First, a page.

By Bjorn Fehrm
23 March 2016, ©. Leeham Co: Airbus is showing a select group of airlines a stretched version of the A350-1000. The idea is to get enough feedback from potential customers so that a decision to go ahead or not can be made during the summer. Airbus COO customers, John Leahy, told LNC at the ISTAT conference earlier this month that an announcement could be made at the Farnborough Air Show in July. Other sources say it might take longer.
We have covered the possibility to extend the A350-1000 to a longer 400 seater version in several articles over the years. The key question for Airbus is how large is the market for a dual aisle twin with 400 seats and has Boeing already covered a large part of that market with its 777-9?
What has changed now it that the A350-1000 is taking form on the Airbus Toulouse Final Assembly Lone (FAL) and Airbus can now see that the A350-1000 will hit its performance and weight numbers. Airbus also has a lot of learning from the A350-900 which makes it confident that an A350-1000 stretch can be made with rather small changes.
A key feature of the A350-1000 is that it’s very close in capacity to the Boeing 777-300ER, yet is considerable lighter. This gives the A350-1000 a distinctive performance advantage. Part of this is that the A350-1000 is made with more modern construction techniques and is equipped with a more modern engine, but a contributing factor is also that the fuselage meets the capacity requirements with only four door pairs.
The fifth door pair on the 777-300ER takes away passenger capacity and it also increases the aircraft’s empty weight. The present capacity of the A350-1000 is around 360 seats in a two class cabin. It would be possible to stretch that to 400 seats, still in a two class cabin, without forcing an additional door pair or additional emergency exits.
Over the years we have called a stretched A350-1000 the A350-1100. Leahy has said that it’s not a favoured name for the proposals that Airbus is right now presenting to airlines. We therefore call the proposed aircraft configuration the “A350 stretch.” Staying with four door pairs, the total length of the aircraft can only be stretched with around 4m before the distance between exit doors go beyond the allowed 60 feet. As no additional safety exits will be necessary, such an extension will increase the aircraft’s capacity to around 400 seats.
Leahy has said that the favoured engine alternative is a stretched variant of the A350-1000 engine Rolls-Royce TWB 97k. There has been information in media describing the Max Take Off Weight (MTOW) of the variant as going from 308t to 319t. When we feed our proprietary aircraft model with these data, we can see that it’s possible to make an A350 Stretch to 76 meters, which would only require 2-3klbf extra thrust from the engines. Such a thrust increase is available in the Trent XWB 97k. The core was resized in the upgrade from 93 to 97klbf. A 3% thrust stretch is therefore fully possible.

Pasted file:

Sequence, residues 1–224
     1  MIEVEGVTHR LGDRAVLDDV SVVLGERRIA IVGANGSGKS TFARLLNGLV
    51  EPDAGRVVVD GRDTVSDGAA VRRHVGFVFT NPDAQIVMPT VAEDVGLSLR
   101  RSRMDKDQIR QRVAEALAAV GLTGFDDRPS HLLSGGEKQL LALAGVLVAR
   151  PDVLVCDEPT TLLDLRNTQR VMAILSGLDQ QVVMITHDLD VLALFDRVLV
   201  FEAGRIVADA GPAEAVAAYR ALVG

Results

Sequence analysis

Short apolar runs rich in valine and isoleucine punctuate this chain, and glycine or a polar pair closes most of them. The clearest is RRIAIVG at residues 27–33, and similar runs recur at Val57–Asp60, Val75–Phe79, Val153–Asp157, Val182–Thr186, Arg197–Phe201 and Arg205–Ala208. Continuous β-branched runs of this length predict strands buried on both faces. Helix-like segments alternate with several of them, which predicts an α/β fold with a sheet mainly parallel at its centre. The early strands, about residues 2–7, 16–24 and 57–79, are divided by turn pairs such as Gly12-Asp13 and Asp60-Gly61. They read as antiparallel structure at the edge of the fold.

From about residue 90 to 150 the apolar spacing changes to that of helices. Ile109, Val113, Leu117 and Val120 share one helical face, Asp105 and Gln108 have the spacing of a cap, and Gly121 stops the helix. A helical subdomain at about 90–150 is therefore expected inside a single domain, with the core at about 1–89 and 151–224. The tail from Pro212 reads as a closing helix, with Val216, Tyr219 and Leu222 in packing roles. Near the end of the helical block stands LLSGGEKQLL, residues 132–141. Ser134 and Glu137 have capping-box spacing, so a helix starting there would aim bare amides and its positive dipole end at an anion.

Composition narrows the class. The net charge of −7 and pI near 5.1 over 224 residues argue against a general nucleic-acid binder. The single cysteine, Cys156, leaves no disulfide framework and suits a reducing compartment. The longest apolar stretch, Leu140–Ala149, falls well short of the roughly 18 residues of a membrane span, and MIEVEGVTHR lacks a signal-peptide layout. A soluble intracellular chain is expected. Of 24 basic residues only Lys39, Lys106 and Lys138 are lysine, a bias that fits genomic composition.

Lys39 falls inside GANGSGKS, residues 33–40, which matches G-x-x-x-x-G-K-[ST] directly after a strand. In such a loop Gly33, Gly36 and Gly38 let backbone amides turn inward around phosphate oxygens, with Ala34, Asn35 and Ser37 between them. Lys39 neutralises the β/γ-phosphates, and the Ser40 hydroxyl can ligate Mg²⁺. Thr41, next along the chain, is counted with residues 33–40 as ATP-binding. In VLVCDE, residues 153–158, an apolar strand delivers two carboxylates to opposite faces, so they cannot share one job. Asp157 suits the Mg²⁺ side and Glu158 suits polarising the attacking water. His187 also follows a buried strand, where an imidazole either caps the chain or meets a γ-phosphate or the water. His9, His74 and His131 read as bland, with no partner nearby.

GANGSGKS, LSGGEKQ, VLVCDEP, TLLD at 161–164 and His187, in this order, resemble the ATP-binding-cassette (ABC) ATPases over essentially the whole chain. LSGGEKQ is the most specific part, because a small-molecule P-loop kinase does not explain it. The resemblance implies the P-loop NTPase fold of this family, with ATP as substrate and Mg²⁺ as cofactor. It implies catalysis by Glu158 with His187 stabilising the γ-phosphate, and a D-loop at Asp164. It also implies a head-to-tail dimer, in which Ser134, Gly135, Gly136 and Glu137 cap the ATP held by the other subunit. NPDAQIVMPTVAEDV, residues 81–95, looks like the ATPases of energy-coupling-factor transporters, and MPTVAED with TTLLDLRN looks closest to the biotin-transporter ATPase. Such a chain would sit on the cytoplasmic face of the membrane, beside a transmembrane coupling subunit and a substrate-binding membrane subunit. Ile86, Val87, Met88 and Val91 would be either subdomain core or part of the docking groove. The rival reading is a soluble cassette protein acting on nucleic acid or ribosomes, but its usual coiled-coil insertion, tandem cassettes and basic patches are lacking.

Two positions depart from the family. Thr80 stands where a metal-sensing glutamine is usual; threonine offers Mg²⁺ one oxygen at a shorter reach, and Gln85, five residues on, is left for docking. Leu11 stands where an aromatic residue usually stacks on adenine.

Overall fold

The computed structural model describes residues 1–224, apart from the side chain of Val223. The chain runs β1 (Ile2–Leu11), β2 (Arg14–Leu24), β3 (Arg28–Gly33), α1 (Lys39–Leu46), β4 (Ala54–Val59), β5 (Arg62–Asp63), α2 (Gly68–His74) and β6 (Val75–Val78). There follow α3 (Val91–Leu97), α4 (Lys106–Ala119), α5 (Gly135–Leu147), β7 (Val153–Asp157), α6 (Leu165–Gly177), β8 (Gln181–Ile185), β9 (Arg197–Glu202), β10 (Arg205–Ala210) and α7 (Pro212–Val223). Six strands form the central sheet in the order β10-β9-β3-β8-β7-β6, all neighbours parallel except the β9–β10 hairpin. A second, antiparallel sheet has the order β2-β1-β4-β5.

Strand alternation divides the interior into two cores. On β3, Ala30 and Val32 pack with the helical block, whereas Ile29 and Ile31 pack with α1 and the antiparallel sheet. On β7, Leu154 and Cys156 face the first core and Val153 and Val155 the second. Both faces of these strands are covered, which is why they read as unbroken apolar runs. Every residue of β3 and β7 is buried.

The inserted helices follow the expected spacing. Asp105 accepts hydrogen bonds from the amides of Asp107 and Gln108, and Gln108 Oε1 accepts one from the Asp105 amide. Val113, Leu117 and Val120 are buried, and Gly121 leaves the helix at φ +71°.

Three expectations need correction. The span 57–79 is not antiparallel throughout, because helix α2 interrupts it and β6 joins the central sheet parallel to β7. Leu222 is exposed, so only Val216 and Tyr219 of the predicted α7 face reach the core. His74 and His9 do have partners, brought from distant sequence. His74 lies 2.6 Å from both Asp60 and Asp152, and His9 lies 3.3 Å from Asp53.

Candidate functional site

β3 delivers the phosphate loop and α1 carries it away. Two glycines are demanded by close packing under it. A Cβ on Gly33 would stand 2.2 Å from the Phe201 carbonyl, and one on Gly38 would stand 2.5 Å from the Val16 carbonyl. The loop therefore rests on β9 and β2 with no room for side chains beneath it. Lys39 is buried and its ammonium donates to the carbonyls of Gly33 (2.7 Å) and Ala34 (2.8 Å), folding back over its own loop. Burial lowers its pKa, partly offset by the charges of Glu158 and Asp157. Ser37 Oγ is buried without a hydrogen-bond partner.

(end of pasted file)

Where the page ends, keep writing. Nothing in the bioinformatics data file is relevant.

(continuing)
We can also see that the variant would still be very weight-competitive against the 777-9, having an empty weight of some 25t less. With a modest increase in empty weight and an equally modest increase in MTOW, the A350-1000 wing would need no changes. Wingloading goes from a moderate 670kg/m2 to just above 680kg/m2, well below the wingloading of the 777-300ER of 760kg/m2 and close to the wingloading of the 777-9 at 660kg/m2.
One can further assume that Rolls-Royce can offer slightly better specific fuel consumption for a Trent XWB with an EIS of around 2020. Airbus might also gain aerodynamically from having done extensive testing on the A350-900 and -1000 by then. When we feed our model with all this data, we get a range of the stretched A350-1000 which is within 200nm of the range of the A350-1000.
The base design of the A350-1000, which use rather modest values for wing and span loading, makes a stretch variant possible that keeps the range in the same bracket as the A350-900 and -1000 with a lowly 11t increase of the aircraft’s MTOW. Such a weight stretch is within the margins of components like landing gear, aircraft structure and engines, enabling a low cost upgrade project.
Airbus has the gradually gained the knowledge around the A350 platform that makes a stretch of the A350-1000 possible without major changes to the aircraft. By staying within the exit limits of four door pairs (max capacity 440 seats), a capacity increase of 40 seats is possible with minimal changes to other parts of the aircraft.
This would enable a 400 seat aircraft which has a 7,600nm range with a MTOW which is below 320t. This is a full 32t less than a competing Boeing 777-9 that has only a marginally higher passenger capacity. The lower take-off and empty weight would give an A350-1000 stretch around 10% lower trip costs and around 5% lower seat mile costs.